By Woodrow Wilson Smith (real name: Henry Kuttner, 1915-58).
(Note: This seems to be the only story for which Kuttner used the "Woodrow Wilson Smith" byline.)
First appearance: Popular Detective, March 1948.
Short story (11 pages).
"When three of Paul Ogden’s relatives die—and he collects on their policies—Johnny Curtin decides to investigate!"An insurance investigator's suspicions are aroused by several deaths which he's certain can't be just coincidences, but when he tries to catch the murderer he literally falls into a deadly trap set for somebody else. . . . Yet another variation on the inheritance-by-murder plot that Agatha did so well; "Smith's" take, however, is only so-so in comparison. Several passages ensue:
". . . when you authorize the payment of two fifty-thousand-dollar policies and another thirty-thousand-dollar policy with one man as the beneficiary, you naturally get suspicious." . . .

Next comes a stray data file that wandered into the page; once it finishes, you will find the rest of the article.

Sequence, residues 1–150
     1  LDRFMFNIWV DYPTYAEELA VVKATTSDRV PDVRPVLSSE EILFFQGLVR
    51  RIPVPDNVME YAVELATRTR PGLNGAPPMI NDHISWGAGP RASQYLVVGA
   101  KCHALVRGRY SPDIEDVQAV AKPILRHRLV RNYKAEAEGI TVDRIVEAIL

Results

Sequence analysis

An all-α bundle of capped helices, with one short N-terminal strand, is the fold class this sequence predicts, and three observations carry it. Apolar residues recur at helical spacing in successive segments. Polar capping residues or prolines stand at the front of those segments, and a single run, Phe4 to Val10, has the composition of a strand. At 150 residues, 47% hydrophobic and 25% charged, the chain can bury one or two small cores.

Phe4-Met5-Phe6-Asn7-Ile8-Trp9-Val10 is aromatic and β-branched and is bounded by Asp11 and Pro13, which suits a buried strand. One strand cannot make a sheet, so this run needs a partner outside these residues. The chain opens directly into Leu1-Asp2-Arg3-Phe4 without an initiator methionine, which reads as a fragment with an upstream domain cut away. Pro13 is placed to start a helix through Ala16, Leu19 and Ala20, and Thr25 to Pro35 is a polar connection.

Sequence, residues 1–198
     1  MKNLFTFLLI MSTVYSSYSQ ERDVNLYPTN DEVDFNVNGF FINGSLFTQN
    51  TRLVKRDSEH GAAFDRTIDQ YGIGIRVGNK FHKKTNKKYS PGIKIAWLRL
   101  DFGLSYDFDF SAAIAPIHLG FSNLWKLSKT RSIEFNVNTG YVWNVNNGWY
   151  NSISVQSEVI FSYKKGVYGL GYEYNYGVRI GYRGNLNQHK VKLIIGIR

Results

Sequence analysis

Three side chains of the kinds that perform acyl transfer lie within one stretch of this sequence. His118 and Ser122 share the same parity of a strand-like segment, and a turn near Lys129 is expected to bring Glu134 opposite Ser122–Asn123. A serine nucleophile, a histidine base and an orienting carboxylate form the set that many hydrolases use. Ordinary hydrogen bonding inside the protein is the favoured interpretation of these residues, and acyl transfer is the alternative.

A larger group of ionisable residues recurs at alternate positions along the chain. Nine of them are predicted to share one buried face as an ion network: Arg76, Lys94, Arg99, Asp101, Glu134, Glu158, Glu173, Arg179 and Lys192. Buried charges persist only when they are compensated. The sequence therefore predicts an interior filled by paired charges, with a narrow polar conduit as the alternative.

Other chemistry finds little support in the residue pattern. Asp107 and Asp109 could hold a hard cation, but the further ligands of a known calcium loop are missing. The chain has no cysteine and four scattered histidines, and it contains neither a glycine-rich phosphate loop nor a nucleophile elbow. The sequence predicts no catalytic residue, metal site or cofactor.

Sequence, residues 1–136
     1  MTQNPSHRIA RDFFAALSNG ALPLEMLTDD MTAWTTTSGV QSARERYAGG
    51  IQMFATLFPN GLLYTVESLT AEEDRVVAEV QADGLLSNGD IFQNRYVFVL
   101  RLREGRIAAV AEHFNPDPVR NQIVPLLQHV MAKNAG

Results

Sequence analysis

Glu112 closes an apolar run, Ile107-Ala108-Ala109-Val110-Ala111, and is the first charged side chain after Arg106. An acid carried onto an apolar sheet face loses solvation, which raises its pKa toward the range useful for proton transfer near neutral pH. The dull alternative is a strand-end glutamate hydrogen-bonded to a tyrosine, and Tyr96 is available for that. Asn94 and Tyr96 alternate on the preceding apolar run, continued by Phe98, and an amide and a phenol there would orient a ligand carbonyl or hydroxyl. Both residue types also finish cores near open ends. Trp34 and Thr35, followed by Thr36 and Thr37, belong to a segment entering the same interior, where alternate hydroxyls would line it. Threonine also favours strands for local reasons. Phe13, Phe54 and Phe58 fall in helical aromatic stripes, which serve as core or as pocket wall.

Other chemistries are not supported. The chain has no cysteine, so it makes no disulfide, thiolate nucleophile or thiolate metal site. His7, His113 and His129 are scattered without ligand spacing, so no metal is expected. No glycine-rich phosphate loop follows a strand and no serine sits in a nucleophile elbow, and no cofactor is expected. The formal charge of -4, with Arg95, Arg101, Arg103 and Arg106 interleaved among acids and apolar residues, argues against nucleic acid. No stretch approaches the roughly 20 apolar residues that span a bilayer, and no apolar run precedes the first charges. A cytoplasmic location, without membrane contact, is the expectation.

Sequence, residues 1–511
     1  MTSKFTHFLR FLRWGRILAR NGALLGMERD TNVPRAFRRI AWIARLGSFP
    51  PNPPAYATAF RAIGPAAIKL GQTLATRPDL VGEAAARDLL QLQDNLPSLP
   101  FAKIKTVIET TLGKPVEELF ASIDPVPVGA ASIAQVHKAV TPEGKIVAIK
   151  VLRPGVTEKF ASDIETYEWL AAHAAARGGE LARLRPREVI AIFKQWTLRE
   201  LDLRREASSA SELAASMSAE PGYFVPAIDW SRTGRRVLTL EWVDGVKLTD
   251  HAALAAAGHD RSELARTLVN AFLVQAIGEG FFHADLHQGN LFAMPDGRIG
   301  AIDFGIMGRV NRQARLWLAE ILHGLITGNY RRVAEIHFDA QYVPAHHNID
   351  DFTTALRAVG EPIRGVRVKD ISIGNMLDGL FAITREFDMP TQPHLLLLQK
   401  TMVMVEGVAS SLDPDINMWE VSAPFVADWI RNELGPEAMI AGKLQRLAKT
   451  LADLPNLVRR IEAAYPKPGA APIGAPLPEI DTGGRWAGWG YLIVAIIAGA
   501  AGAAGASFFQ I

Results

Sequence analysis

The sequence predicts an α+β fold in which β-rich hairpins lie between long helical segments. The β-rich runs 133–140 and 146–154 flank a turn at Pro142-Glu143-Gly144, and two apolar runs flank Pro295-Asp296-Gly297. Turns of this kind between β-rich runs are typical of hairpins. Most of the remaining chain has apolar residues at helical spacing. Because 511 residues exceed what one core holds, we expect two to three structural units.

. . . "There’s an experiment I want to try." . . .
. . . "I wouldn’t like your job," he said. "Not at all. You’re always following on the coattails of death." . . .
. . . The water had flowed over. It was cold water. Johnny waded through it. He touched the body and found it stone cold. There was no way of telling how long the man had been dead. . . .Resources:
- "Woodrow Wilson Smith" was, of course, an alias for well-known SF-fantasy author Henry Kuttner; his FictionMags entry is HERE and a previous ONTOS article about one of his best science fiction-crime stories is HERE.
Category: I love you but not as much as your money
Post a Comment